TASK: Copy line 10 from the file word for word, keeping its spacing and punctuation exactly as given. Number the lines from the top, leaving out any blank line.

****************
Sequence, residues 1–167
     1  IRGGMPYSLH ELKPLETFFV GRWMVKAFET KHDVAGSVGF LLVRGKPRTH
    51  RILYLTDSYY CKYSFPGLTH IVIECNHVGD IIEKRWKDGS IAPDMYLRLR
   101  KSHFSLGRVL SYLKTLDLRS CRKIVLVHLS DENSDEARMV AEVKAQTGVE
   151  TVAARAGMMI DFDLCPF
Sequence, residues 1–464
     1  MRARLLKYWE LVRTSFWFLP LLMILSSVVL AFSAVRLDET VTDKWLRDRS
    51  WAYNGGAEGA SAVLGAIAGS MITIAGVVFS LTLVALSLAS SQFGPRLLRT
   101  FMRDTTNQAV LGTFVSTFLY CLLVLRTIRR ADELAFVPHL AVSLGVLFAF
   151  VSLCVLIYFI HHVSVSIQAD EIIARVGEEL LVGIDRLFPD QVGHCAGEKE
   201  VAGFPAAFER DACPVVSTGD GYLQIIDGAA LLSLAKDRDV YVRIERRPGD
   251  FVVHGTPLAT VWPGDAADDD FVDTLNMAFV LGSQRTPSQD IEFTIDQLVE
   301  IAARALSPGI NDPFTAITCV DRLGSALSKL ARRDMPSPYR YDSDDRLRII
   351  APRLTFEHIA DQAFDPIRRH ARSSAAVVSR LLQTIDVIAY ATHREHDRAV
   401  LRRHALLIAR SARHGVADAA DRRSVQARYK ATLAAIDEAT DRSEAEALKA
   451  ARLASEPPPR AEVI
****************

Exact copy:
   151  VSLCVLIYFI HHVSVSIQAD EIIARVGEEL LVGIDRLFPD QVGHCAGEKE